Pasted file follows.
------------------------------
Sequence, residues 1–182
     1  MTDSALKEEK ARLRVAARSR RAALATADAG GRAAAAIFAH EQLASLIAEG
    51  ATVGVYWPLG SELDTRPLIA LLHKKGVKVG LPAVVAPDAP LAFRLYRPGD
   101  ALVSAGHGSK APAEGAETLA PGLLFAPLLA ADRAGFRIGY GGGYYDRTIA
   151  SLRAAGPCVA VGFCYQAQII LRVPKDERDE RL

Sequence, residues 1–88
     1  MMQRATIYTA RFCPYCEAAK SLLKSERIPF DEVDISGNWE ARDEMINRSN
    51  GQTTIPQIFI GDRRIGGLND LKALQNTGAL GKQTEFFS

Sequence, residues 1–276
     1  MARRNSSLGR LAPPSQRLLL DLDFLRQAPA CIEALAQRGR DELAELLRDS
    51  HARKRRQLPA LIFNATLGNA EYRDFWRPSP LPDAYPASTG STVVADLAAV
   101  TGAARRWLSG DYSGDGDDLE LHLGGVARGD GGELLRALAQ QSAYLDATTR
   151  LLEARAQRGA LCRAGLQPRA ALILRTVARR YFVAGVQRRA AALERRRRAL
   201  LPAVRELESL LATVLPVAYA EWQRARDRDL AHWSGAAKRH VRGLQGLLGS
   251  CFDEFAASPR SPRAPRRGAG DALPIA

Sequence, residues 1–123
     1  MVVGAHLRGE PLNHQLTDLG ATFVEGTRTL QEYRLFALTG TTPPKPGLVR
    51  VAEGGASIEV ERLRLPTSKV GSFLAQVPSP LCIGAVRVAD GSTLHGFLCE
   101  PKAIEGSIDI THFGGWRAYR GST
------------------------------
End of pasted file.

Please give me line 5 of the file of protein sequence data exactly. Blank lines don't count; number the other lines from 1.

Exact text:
   151  SLRAAGPCVA VGFCYQAQII LRVPKDERDE RL